• The three equilateral triangles need not be congruent. Each can be of any size and the theorem still holds.
  • The triangles need not meet at a point. They can meet at the corners of any equilateral triangle.
  • They need not even be equilateral! If three similar triangles of any sizes meet at a point, the midpoints of the three added lines will form a triangle similar to each of the “propellers.”
  • The similar triangles need not meet at a point! If they meet at the corners of a fourth triangle (of any size) that’s similar to each propeller, then the midpoints of the added lines will form a triangle similar to each propeller, provided that the vertices of the central triangle touch the corresponding corners of the propellers.

Given all this flexibility, Gardner asked, do the propellers even have to be triangles? It turns out that the answer is yes. Still, the discoveries above form a fitting tribute to Bankoff, whom Gardner called “one of the most remarkable mathematicians I have been privileged to know.”

(Martin Gardner, “The Asymmetric Propeller,” College Mathematics Journal 30:1 [January 1999], 18-22.)

The Uncounted

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It was a good answer that was made by one who when they showed him hanging in a temple a picture of those who had paid their vows as having escaped shipwreck, and would have him say whether he did not now acknowledge the power of the gods, — ‘Aye,’ asked he again, ‘but where are they painted that were drowned after their vows?’ And such is the way of all superstition, whether in astrology, dreams, omens, divine judgments, or the like; wherein men, having a delight in such vanities, mark the events where they are fulfilled, but where they fail, though this happens much oftener, neglect and pass them by.

— Francis Bacon, Novum Organum, 1620

Howdunit

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Raymond Chandler’s 10 rules for writing a detective novel:

  1. It must be credibly motivated, both as to the original situation and the dénouement.
  2. It must be technically sound as to the methods of murder and detection.
  3. It must be realistic in character, setting and atmosphere. It must be about real people in a real world.
  4. It must have a sound story value apart from the mystery element: i.e., the investigation itself must be an adventure worth reading.
  5. It must have enough essential simplicity to be explained easily when the time comes.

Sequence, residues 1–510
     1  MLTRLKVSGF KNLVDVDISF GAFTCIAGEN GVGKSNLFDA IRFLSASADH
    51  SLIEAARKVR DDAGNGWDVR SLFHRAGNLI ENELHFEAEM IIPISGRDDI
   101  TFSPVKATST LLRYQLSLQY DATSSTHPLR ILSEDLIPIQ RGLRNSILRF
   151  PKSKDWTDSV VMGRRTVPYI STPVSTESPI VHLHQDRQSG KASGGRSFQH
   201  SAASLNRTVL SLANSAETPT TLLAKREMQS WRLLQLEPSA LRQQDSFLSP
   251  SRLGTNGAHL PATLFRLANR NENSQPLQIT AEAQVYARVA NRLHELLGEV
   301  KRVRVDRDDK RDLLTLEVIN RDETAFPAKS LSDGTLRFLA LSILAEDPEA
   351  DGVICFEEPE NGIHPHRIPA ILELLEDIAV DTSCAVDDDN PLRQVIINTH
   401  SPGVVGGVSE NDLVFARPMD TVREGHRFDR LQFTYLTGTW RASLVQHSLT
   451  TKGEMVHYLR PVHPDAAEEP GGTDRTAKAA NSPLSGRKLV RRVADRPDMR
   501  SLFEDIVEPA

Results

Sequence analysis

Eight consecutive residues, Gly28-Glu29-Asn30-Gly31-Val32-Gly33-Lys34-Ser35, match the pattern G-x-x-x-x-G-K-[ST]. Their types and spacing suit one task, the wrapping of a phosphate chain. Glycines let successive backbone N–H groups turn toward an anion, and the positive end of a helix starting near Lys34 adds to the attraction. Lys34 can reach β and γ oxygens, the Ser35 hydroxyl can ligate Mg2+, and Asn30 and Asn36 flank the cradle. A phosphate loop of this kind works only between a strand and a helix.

6. It must baffle a reasonably intelligent reader.
  7. The solution must seem inevitable once revealed.
  8. It must not try to do everything at once. If it is a puzzle story operating in a rather cool, reasonable atmosphere, it cannot also be a violent adventure or a passionate romance.
  9. It must punish the criminal in one way or another, not necessarily by operation of the law. … If the detective fails to resolve the consequences of the crime, the story is an unresolved chord and leaves irritation behind it.
  10. It must be honest with the reader.

That’s from Chandler’s notebooks. As it happens, Dashiell Hammett, Ronald Knox, and S.S. Van Dine all came up with similar lists. Mystery writers must be very methodical people.

Parrondo’s Paradox

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Imagine a staircase with 1001 stairs, numbered -500 to 500. You’re standing in the middle, on stair 0, and you want to reach the top. On each step you can play either of two coin-flipping games — if the result is heads then you move up a step; if it’s tails then you move down a step:

  • In game 1 you flip coin A, which is slightly biased: It comes up heads 49.5 percent of the time and tails 50.5 percent.
  • In game 2 you use two coins, B and C. Coin B produces heads 9.5 percent of the time and tails 90.5 percent. Coin C produces heads 74.5 percent of the time and tails 25.5 percent. In game 2 if the number of the stair you’re on is a multiple of 3 then you flip coin B; otherwise you flip coin C.

Both of these are losing games — if you played either game 1 or game 2 exclusively, you’d eventually find yourself at the bottom of the staircase. But in 1996 Spanish physicist Juan Parrondo found that if you play the two games in succession in random order, keeping your place on the staircase as you switch between them, you’ll rise to the top of the staircase. It’s not, properly speaking, a paradox, but it’s certainly counterintuitive.

This example is from David Darling’s Universal Book of Mathematics. (Thanks, Nick.)